March 2020                                                                                        Volume 31, Issue 3
A Message Regarding COVID-19

Rare Disease COVID-19 Resources

It's important to listen to your healthcare professionals and follow all guidelines from the WHO and CDC. In addition to those resources provided by the WHO and CDC our partners in the rare disease community have provided a number of helpful articles and webinars. 

Below are a few of these resources. 

Protecting Medically Complex and/or Immune-Suppressed Children with Epilepsy from COVID-19 - hosted by DEE-P Connections, the International Foundation for CDKL5 Research (IFCR) and The Epilepsy Foundation of America

A Rare Response: Addressing the COVID-19 Pandemic - hosted by National Organization of Rare Diseases (NORD)
March 31st with recording to follow 

Taking Care of You: Self-Care in Challenging Times - hosted by National Niemann-Pick Disease Foundation Inc ( NNPDF) & the National Tay-Sachs and Allied Diseases Association Inc (NTSAD)
April 1st with recording to follow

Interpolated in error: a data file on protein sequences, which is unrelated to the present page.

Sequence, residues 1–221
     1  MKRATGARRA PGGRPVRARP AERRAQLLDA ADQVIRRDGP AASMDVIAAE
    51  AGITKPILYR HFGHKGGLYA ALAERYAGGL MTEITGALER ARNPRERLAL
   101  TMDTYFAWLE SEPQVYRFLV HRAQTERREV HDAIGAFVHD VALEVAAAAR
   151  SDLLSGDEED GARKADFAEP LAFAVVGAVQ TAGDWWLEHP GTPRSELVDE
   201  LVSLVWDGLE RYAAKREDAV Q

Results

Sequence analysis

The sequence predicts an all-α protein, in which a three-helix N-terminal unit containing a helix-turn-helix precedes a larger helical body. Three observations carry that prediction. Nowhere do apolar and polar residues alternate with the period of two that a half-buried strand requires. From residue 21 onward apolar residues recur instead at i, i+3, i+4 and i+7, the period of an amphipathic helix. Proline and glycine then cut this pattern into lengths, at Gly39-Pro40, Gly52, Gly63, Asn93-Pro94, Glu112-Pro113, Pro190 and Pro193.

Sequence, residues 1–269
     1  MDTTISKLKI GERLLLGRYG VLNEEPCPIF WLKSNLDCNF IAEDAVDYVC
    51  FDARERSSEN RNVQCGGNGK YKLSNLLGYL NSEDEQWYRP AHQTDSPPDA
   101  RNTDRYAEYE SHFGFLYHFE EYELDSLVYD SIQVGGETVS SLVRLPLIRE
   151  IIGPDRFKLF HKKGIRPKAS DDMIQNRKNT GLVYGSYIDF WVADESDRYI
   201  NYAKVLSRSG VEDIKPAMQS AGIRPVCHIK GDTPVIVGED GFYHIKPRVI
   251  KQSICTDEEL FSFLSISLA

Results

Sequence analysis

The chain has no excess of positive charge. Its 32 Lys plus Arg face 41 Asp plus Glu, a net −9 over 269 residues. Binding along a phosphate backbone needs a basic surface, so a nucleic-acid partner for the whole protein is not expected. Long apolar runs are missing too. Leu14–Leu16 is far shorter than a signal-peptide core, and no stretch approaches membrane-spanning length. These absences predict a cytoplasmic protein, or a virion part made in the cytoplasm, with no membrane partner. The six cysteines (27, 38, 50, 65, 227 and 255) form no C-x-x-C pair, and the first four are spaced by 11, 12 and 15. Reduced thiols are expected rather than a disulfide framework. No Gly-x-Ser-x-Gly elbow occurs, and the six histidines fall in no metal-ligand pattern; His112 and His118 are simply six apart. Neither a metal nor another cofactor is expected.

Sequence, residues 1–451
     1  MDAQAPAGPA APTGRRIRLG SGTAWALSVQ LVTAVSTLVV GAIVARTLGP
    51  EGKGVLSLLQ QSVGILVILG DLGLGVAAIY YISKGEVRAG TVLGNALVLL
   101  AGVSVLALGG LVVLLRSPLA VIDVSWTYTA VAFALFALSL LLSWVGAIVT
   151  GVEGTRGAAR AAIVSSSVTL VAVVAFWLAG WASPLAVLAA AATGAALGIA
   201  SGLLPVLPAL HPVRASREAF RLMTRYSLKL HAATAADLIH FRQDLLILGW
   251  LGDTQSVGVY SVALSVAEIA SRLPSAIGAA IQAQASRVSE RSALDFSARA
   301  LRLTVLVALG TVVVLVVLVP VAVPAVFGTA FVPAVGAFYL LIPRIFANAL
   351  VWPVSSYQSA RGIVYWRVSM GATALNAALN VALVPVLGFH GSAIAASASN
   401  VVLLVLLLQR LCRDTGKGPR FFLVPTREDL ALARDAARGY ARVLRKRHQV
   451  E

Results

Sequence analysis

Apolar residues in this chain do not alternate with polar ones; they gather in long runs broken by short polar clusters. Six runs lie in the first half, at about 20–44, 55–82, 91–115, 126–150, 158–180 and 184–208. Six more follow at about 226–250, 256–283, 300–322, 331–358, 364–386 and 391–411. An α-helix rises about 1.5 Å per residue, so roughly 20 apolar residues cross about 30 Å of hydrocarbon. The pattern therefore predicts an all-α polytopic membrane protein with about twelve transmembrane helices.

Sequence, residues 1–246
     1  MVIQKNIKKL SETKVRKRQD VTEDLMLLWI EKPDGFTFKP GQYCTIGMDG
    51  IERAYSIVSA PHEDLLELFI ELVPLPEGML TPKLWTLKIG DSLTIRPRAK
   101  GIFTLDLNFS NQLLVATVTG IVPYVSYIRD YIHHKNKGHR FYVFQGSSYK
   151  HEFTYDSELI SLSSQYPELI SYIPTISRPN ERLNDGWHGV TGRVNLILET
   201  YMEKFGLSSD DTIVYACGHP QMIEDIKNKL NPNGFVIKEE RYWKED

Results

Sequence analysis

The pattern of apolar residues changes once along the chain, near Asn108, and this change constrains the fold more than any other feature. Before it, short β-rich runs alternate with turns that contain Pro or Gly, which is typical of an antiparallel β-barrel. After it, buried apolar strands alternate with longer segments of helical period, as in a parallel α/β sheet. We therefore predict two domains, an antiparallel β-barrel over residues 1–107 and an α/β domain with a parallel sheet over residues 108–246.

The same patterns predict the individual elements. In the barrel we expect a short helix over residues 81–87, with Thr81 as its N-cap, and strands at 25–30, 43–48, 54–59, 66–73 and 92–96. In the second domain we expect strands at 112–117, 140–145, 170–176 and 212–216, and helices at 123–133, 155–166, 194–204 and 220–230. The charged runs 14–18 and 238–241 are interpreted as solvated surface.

Rare Disease Day Wrap Up

900 Rare Disease Advocates
393 Meetings with Congress
227 Patient Organizations
1 Amazing Rare Disease Week!

Rare Disease Legislative Advocates (RDLA), a program of the EveryLife Foundation for Rare Diseases, will brought together over 900 patients, caregivers, and others in Washington, DC for a week of events dedicated to empowering patients, families, friends, and healthcare professionals to become legislative advocates. During the week of February 25-28, 2020, rare disease advocates had an opportunity to meet with Members of Congress and to learn about policy updates and best practices for successful advocacy.

Advocates from Florida, including BDSRA's Tracy Kirby and Donna Fogle, meeting with State Representatives 

BDSRA staff, board, and community members attended Rare Disease Congressional Caucus Briefing,  Legislative Conference, and the Hill Day of legislative meetings the last week of February 2020.   

Ohio Advocates, including BDSRA's Tauna, Colin, and Noreen, as well as Batten families meet with State Representatives